The Pier handles 12-16 huge trade shows/exhibits and social events annually. Until McCormick Place opens in 1960, all trade shows in Chicago are held either on Navy Pier or at the Union Stockyards Amphitheater.
The Pier was widened by 100 feet with the construction of the South Dock. At its peak in 1964, Navy Pier handled 250 overseas vessels annually and was one of the greatest inland ports in the world.
The city's first Holiday Folk Fest is held at the Pier, featuring food and products from countries represented by Chicago's many ethnic groups.
The University of Illinois moves from Navy Pier to its new Circle Campus, just west of the city.
Fire destroyed the original McCormick Place. Navy Pier helped keep many conventions and trade shows in Chicago for the four years it took to rebuild McCormick Place.
After McCormick Place re-opened, Navy Pier falls into disuse.
The spectacular Grand Ballroom undergoes a renovation as part of the city's observance of the country's Bicentennial Celebration.
City Hall designated Navy Pier as a Chicago Landmark.
Navy Pier hosts ChicagoFest, drawing millions of visitors with music, food and entertainment.
The Illinois General Assembly created the Metropolitan Pier and Exposition Authority (MPEA) and designated it to manage and operate both McCormick Place and Navy Pier. The Authority moved swiftly to redesign Navy Pier into one of the country's most unique exposition and recreation facilities.
As part of the $150 million Navy Pier redevelopment project, improvements are made to nearly every aspect of the Pier. The 1,500-seat outdoor Skyline Stage opens to the public.
The newly renovated Navy Pier re-opened, featuring a mix of year-round entertainment, shops, restaurants, attractions and exhibition facilities.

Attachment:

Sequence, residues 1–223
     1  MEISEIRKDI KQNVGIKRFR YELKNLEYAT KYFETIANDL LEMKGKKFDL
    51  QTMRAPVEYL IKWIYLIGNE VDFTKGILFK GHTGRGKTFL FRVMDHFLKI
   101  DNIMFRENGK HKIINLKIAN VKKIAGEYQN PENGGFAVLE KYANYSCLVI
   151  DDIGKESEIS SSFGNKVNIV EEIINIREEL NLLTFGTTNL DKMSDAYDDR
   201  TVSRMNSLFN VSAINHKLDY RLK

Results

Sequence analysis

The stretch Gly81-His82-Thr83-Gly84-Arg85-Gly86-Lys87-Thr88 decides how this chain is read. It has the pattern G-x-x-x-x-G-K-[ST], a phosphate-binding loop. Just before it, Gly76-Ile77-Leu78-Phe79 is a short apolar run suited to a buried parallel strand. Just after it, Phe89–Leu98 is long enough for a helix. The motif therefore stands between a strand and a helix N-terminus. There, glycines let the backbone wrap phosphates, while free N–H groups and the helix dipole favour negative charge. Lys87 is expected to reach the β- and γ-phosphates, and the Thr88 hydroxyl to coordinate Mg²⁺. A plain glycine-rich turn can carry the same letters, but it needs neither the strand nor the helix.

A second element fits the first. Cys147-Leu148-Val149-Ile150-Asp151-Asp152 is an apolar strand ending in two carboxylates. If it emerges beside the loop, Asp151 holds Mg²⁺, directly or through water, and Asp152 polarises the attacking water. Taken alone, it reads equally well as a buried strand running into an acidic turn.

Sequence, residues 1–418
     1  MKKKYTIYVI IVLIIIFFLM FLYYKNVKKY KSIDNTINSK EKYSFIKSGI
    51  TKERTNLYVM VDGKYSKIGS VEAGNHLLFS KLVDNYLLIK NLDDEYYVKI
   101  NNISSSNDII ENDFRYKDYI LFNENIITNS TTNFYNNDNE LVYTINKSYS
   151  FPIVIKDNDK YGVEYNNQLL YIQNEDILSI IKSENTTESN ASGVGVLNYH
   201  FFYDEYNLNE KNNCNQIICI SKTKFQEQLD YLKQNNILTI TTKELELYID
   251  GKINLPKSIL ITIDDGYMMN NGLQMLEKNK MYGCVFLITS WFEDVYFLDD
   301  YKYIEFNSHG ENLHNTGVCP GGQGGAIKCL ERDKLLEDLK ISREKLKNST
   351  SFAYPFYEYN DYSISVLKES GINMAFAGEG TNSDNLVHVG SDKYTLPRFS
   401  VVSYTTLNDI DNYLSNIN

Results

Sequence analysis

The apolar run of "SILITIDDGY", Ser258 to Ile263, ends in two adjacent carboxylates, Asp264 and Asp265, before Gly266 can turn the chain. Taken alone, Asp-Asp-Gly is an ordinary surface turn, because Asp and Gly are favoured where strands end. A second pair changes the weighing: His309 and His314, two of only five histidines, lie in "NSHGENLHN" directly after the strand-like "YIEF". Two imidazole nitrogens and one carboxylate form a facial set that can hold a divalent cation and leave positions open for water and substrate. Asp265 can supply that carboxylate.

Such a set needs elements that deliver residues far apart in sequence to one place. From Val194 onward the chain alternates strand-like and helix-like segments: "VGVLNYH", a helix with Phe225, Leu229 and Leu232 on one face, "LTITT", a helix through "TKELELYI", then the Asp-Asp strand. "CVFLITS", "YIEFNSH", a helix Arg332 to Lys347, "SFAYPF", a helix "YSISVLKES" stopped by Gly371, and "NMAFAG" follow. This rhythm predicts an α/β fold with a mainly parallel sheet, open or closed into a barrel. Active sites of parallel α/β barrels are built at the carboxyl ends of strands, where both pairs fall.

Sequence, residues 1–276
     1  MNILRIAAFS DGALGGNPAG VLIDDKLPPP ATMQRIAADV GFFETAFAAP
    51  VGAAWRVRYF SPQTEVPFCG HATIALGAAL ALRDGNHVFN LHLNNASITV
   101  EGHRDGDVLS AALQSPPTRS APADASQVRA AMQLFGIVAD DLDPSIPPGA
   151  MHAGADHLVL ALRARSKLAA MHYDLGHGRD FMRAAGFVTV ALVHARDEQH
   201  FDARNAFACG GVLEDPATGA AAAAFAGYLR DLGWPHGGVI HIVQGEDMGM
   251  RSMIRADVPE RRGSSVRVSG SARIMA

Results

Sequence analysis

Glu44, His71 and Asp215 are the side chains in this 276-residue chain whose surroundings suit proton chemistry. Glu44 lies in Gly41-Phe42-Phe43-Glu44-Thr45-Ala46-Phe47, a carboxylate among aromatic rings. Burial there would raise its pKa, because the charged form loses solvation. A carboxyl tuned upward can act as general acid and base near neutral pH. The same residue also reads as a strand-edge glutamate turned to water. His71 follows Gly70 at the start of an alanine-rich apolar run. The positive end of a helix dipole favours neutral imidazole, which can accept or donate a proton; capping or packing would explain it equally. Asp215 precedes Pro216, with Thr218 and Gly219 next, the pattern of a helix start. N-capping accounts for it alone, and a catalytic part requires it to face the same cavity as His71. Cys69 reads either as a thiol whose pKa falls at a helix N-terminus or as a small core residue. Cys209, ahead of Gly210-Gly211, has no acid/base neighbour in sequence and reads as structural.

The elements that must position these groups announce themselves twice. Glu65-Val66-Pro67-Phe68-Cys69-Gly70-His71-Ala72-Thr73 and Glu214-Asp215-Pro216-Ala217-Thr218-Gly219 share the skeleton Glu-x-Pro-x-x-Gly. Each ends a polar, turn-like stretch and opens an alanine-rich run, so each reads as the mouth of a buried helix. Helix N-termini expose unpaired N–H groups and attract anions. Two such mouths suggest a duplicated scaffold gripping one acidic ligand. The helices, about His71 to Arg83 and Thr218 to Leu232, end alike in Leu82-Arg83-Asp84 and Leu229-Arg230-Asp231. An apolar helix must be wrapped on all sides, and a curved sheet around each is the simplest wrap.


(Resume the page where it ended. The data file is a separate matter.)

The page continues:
Navy Pier celebrates its first anniversary season.
Navy Pier officials and the Shakespeare Repertory Theater announce plans to build Chicago Shakespeare Theater at Navy Pier. Additionally, construction is completed on a new six-story parking garage, bringing the number of on-site parking spots to 1,740. Navy Pier draws record attendance with an estimated seven million visitors between July 1996 and June 1997.
Navy Pier hosts the City of Chicago's first-ever Tall Ships festival.
Navy Pier opens its newest attraction, Chicago Shakespeare Theater. Modeled after London's Swan Theatre, it features an intimate 525-seat courtyard-style theater with unequaled views of the lakefront, an English-style pub, a studio theater, a bookstore, a Teacher's Resource Center and an English Garden.
The Smith Museum of Stained Glass Windows debuts at Navy Pier. It is the first museum in the United States dedicated solely to stained glass windows. This permanent display of 150 stained glass windows is housed in an 800-ft.-long series of galleries along the lower level terraces of Festival Hall, showcased both secular and religious windows divided by artistic theme into four categories: Victorian, Prairie, Modern and Contemporary.
Navy Pier celebrated the 10th anniversary of its re-opening, with a special ceremony in which city and state leaders, VIP guests and MPEA officials thank the estimated 76 million guests who have visited the site during the past decade. The tribute ceremony culminated with performances by the renowned South Shore Drill Team, a fly-over by the Lima Lima Air Team and the introduction of a new Navy Pier mascot, named Patch the Pirate Dog.
Three major tenants joined the Navy Pier family, providing exciting new dining options for our customers—Harry Caray's Tavern at Navy Pier, Auntie Anne's Pretzels, and Jamba Juice.
William J. Brodsky
Chairman, NPI Board
Chairman of the Board
CBOE Holdings Inc.
Lisa Konik Aronin
Boys & Girls Club
Bruce R. Bachmann
Polk Bros Foundation
Crown Packaging International
Norman R. Bobins
Vice Chairman of the Board
Douglas R. Brown
Powers, Rogers & Smith, P.C.
Bucksbaum Retail Properties LLP
Chico & Nunes PC
Professor of Law Emeritus, President Emeritus
Illinois Institute of Technology
Secretary, NPI Board
Cultural Advisory Council
Patrick F. Daly
The Daly Group
Marilynn K. Gardner
Ex-Officio, NPI Board
President & CEO
Navy Pier, Inc.
Treasurer, NPI Board
Shedd Aquarium and NPI
Executive Vice President and General Counsel
Ex-Officio, NPI Board
Roger J. Kiley, Jr.
Ex-Officio, NPI Board
Roger J. Kiley, Jr. Law
Charles R. Matthews
Chicago Transit Authority
Chicago Federation of Labor
Senior Vice President
President & CEO
Financial Investments Corporation
If you want to know what business opportunities are available, please visit the Navy Pier website regarding contracting opportunities. NPI encourages minority and women-owned enterprises to seek business opportunities at Navy Pier. Find more information here.